Compare any two graphics cards:
GeForce GTX 295 vs GeForce GTX Titan
IntroThe GeForce GTX 295 makes use of a 55 nm design. nVidia has clocked the core frequency at 576 MHz. The GDDR3 RAM is set to run at a speed of 999 MHz on this particular card. It features 240 SPUs along with 80 Texture Address Units and 28 ROPs.
Compare all of that to the GeForce GTX Titan, which has a core clock speed of 837 MHz and a GDDR5 memory frequency of 1502 MHz. It also features a 384-bit memory bus, and makes use of a 28 nm design. It is comprised of 2688 SPUs, 224 TAUs, and 48 Raster Operation Units.
Power Usage and Theoretical Benchmarks
Power Consumption (Max TDP)
In theory, the GeForce GTX Titan should perform much faster than the GeForce GTX 295 overall. (explain)
Texel RateThe GeForce GTX Titan will be much (approximately 103%) more effective at anisotropic filtering than the GeForce GTX 295. (explain)
Pixel RateThe GeForce GTX Titan will be much (about 25%) faster with regards to full screen anti-aliasing than the GeForce GTX 295, and will be capable of handling higher resolutions without slowing down too much. (explain)
Please note that the above 'benchmarks' are all just theoretical - the results were calculated based on the card's specifications, and real-world performance may (and probably will) vary at least a bit.
One or more cards in this comparison are multi-core. This means that their bandwidth, texel and pixel rates are theoretically doubled - this does not mean the card will actually perform twice as fast, but only that it should in theory be able to. Actual game benchmarks will give a more accurate idea of what it's capable of.
Please note that the price comparisons are based on search keywords - sometimes it might show cards with very similar names that are not exactly the same as the one chosen in the comparison. We do try to filter out the wrong results as best we can, though.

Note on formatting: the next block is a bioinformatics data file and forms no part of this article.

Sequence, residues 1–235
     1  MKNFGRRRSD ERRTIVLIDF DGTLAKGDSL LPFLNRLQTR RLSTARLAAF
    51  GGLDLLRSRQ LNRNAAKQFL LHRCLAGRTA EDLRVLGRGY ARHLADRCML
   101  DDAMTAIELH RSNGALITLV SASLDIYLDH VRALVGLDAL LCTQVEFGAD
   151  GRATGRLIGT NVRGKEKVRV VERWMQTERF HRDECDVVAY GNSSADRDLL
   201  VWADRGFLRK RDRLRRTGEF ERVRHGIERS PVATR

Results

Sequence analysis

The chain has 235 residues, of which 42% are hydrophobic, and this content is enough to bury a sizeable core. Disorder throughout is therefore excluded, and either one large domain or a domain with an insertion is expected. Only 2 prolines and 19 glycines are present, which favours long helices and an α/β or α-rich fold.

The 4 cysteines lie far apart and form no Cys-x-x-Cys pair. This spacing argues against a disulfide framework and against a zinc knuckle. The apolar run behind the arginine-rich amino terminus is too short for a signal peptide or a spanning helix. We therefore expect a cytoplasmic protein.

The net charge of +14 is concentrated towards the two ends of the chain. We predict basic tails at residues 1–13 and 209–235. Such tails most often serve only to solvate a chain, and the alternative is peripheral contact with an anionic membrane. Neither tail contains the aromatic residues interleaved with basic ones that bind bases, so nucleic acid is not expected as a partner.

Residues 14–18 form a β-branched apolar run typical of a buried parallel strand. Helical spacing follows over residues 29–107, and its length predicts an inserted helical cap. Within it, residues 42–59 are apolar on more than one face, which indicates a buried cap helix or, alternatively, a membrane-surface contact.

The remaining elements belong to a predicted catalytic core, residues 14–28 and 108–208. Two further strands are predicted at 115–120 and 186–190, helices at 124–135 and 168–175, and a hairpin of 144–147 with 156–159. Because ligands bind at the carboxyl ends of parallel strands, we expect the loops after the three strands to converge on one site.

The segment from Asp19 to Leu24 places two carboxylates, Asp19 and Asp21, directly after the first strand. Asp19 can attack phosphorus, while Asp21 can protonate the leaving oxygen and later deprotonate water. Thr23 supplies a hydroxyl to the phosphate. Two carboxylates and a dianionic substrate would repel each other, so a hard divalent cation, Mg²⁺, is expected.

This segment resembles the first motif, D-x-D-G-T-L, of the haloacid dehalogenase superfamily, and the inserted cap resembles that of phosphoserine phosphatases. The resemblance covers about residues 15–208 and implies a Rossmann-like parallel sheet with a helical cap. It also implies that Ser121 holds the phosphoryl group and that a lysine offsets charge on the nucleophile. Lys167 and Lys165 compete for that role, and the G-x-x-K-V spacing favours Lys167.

Memory Bandwidth: Memory bandwidth is the largest amount of information (in units of MB per second) that can be moved across the external memory interface in one second. It is calculated by multiplying the bus width by the speed of its memory. If it uses DDR type memory, the result should be multiplied by 2 once again. If it uses DDR5, multiply by ANOTHER 2x. The better the card's memory bandwidth, the faster the card will be in general. It especially helps with AA, HDR and higher screen resolutions.
Texel Rate: Texel rate is the maximum amount of texture map elements (texels) that can be processed per second. This number is calculated by multiplying the total amount of texture units of the card by the core clock speed of the chip. The better the texel rate, the better the card will be at texture filtering (anisotropic filtering - AF). It is measured in millions of texels processed in a second.
Pixel Rate: Pixel rate is the maximum number of pixels the graphics card can possibly write to the local memory in one second - measured in millions of pixels per second. The number is calculated by multiplying the amount of Render Output Units by the the core clock speed. ROPs (Raster Operations Pipelines - also called Render Output Units) are responsible for outputting the pixels (image) to the screen. The actual pixel fill rate also depends on many other factors, especially the memory bandwidth of the card - the lower the memory bandwidth is, the lower the ability to reach the maximum fill rate.